"The stakes are incredibly high," said Lindsay Schubiner, a program director at the Western States Center, a progressive, pro-democracy organization. The Center, in partnership with the Lawyers Committee for Civil Rights Under Law, has separately sent a letter to U.S. Attorney General Merrick Garland to urge the DOJ to consider federal action against Patriot Front.

"We've seen from other cases and from the history of white nationalism in the U.S. that significant legal action, including civil suits, can be really effective in diminishing the threats that white nationalist groups pose," said Schubiner.

Schubiner, Goldsmith and others said the failure as yet to take Patriot Front's activities seriously echoes law enforcement's handling of the Proud Boys.

For years, that extremist group engaged in local political violence in Portland and Washington state with relative impunity. Extremism and counterterrorism experts say this gave the Proud Boys confidence and leeway to plan their involvement in the riot at the U.S. Capitol on Jan. 6th of last year, for which several former leaders now face trial.

Founded five years ago

For some local law enforcement agencies, there may still be limited understanding of what Patriot Front is. The group was founded in 2017, after that year's Unite the Right Rally in Charlottesville. Its founder, Thomas Rousseau, was a former leader of the neo-Nazi group Vanguard America, which last year was found civilly liable for the deadly gathering of white supremacists. According to the SPLC, at any given time Patriot Front has 150 to 180 members.

The Justice Department declined to comment for this story. But former federal prosecutors point out a number of factors that the department might weigh when considering involvement.

"If you have a federal case, you'd be able to have a much more streamlined approach [than with state cases]," said Gregory Nolan, a former U.S. prosecutor who now works with the nonpartisan States United Democracy Center. "You've got one law. You've got the federal law of the United States."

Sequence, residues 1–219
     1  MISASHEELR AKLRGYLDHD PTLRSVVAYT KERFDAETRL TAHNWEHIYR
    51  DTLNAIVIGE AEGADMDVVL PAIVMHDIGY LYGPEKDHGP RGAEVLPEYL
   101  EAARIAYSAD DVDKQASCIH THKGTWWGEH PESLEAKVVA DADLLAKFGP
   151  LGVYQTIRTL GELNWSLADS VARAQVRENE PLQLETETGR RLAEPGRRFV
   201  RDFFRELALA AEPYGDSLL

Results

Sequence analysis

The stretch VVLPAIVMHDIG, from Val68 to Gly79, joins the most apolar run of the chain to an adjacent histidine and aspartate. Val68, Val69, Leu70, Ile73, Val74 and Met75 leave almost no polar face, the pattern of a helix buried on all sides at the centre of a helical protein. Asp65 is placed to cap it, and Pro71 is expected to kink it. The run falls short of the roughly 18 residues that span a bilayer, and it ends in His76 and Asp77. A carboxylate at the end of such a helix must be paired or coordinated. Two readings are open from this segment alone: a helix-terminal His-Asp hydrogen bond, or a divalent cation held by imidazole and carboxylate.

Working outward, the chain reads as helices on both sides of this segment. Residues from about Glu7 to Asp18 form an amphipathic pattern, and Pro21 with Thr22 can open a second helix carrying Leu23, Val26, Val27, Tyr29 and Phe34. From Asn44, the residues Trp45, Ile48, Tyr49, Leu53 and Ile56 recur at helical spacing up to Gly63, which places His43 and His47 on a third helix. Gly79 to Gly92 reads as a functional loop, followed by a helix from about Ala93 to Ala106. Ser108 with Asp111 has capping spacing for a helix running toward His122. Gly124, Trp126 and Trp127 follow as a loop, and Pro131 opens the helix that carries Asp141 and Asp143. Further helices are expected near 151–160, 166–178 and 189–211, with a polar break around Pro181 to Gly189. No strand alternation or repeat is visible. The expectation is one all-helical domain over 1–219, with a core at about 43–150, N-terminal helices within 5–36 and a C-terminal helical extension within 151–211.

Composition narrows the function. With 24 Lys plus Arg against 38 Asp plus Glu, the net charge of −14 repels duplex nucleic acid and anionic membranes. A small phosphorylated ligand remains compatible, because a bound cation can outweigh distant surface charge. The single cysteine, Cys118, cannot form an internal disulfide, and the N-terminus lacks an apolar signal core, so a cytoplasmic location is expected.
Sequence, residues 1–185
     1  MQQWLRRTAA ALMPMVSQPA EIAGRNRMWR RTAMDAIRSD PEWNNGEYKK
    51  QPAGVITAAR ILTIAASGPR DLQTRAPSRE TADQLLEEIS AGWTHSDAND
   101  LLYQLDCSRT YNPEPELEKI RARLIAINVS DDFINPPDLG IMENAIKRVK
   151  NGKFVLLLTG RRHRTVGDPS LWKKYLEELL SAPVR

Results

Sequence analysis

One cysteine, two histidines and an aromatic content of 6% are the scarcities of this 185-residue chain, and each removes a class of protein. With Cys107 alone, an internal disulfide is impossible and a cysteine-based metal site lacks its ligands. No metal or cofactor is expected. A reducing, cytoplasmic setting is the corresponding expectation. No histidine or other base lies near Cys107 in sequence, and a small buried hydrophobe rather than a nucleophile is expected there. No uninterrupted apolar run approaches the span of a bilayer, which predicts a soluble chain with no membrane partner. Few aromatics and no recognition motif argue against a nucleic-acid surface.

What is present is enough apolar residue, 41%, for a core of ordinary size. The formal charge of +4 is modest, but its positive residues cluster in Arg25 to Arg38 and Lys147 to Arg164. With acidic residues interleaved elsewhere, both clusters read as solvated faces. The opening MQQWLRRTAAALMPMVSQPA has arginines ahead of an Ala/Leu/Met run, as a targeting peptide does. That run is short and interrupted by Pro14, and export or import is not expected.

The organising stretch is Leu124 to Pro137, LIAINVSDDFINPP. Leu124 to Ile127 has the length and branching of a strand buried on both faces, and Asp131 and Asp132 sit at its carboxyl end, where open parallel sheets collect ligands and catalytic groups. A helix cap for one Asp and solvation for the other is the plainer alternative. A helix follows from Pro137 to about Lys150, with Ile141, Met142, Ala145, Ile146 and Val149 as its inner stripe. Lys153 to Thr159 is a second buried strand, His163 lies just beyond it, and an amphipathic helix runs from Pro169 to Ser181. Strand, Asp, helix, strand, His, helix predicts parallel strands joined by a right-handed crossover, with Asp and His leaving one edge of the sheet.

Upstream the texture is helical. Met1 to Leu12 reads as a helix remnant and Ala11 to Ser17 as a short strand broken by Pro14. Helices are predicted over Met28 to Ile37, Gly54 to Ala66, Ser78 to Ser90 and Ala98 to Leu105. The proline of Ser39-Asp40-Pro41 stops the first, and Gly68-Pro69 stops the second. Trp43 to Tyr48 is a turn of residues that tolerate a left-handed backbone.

Nolan said among the criminal statutes that he's seen groups suggest in relation to a possible case against Patriot Front, the most promising may be a federal a conspiracy statute for civil rights violations.

In the past, it has been used to prosecute the Ku Klux Klan for cross burnings. Schubiner and others say that the carefully curated optics of Patriot Front's activities, in which they wear matching colors, march in military formation and wear face masks, are similarly meant to send a visual signal to intimidate minorities.

But there could be risks to pursuing a federal case against the group.

"What you don't want to do is bring a case and lose it, making bad law and emboldening groups to go out and do more," said Mary McCord, executive director of the Institute for Constitutional Advocacy and Protection and visiting professor at Georgetown Law.

McCord said that unless the DOJ feels confident that it can bring a solid case, it may better play a role in helping local and state prosecutors understand the full scope of Patriot Front's activities across the country.

Copyright 2023 NPR. To see more, visit https://www.npr.org.

Odette Yousef
Odette Yousef is a National Security correspondent focusing on extremism.